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Tesla Powerpack

Contributor(s): Matthew Haughn

Powerpack

Tesla Powerpack is the company’s utility-scale rechargeable battery, designed to store energy for off-grid and supplemental power systems, including large facilities and the electric grid

Like Powerwall, Tesla’s battery for home and small business use, Powerpack is based on lithium ion battery technology. The batteries’ modular design is adapted from the technology used in those for Tesla's electric cars.

The Powerpack industrial unit is a cabinet-and-rack system which can theoretically be expanded by filling the racks with additional 100kw-capacity units for up to 500kwh. Multiple units can be connected to create a capacity for ten megawatt hours.

Amazon and Target are among the major retailers currently testing Powerpack in their facilities.

amazon-tesla-powerpack-battery-test

Above: AWS facility in Northern California

Tesla says Powerpack is designed to:

  • Maximize consumption of on-site clean power.
  • Avoid peak demand charges.
  • Buy electricity when it’s cheapest.
  • Get paid by utility or intermediate service providers for participating in grid services.
  • Back up critical business operations in the event of a power outage.

Tesla's CEO Elon Musk introduced Powerpack and Powerwall storage units in April 2015. Musk hopes that by storing energy produced by green sources like solar and wind power, the batteries can help transition homes and facilities away from fossil fuel dependency. Musk states that this is part of his efforts to make possible a zero carbon energy model for the world.

The Tesla company is named for both the electrical pioneer Nikola Tesla and the tesla, the standard unit of magnetic flux.

See Elon Musk's introductory presentation on Tesla Energy's Powerwall and Powerpack:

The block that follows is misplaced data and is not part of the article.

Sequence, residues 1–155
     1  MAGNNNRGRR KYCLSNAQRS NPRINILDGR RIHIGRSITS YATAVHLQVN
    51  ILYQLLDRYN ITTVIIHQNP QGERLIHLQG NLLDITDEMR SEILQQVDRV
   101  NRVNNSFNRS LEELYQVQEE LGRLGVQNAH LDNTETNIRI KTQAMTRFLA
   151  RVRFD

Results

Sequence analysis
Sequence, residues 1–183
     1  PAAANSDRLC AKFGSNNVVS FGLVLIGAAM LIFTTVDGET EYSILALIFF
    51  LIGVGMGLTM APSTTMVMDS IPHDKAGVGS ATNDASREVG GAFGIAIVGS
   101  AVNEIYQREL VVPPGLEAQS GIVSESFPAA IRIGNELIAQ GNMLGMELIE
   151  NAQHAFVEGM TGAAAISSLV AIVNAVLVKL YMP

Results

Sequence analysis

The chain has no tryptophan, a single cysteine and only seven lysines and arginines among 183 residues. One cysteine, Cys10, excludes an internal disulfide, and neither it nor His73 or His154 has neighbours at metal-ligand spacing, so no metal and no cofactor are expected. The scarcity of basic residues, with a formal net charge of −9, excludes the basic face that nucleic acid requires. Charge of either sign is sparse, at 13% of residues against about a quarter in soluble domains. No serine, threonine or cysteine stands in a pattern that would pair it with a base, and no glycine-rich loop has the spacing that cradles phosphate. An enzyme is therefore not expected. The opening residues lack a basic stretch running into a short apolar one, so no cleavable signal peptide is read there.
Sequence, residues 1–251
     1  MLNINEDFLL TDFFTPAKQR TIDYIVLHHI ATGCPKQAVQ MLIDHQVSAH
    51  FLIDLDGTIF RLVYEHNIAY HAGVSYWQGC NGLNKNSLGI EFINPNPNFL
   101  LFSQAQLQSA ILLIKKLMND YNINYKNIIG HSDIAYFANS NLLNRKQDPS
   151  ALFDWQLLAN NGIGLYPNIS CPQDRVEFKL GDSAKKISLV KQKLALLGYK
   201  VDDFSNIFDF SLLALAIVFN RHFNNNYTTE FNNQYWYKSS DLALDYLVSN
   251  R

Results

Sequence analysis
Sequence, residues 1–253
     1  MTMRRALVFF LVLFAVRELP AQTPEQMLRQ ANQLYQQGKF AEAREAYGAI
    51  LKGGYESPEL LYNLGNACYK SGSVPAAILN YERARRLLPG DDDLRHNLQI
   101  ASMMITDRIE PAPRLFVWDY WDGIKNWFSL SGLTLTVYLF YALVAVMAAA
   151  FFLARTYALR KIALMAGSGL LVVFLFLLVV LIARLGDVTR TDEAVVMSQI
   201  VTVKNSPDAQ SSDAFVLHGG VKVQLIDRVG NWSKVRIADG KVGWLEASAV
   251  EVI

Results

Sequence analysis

This was last updated in May 2015

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This needs close attention from all of us. It's a game-changer for every bit of our work and private lives. Not only does it tell of a future where power is easier to use and less expensive to acquire, it ushers in a technology that's infinitely less harmful to the world around us.

While there are states - Florida comes to mind - that actually punish home-owners for going off-grid, more enlightened places will embrace this technology wholeheartedly. Imagine a future with less dependence on polluting energy, more freedom to control our own expenses, no more dependence of foreign resources. What's not to embrace...?

Keep in mind that this is only the beginning. And while an amazing start, it's just that. Transitioning from fossil fuels to in-house solar will take some time. But it speaks of a day when burning fossil fuels will be viewed the same as whale oil lamps.
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There's a lot that sounds pretty cool about this. I do wonder, though, in an era when states make it illegal for cities to have their own Internet, and when utility companies add exorbitant charges for people with solar power, how likely is it that we'll be able to buy and use these things? Also, what fire risk is there?
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The article states that tesla is the unit for magnetic flux, but it is actually the unit for magnetic field, correctly stated as named after the electric messiah, Nikola Tesla.
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So you oversize your solar array to collect all the day's and night's needs plus a reserve. Disconnect from utility.
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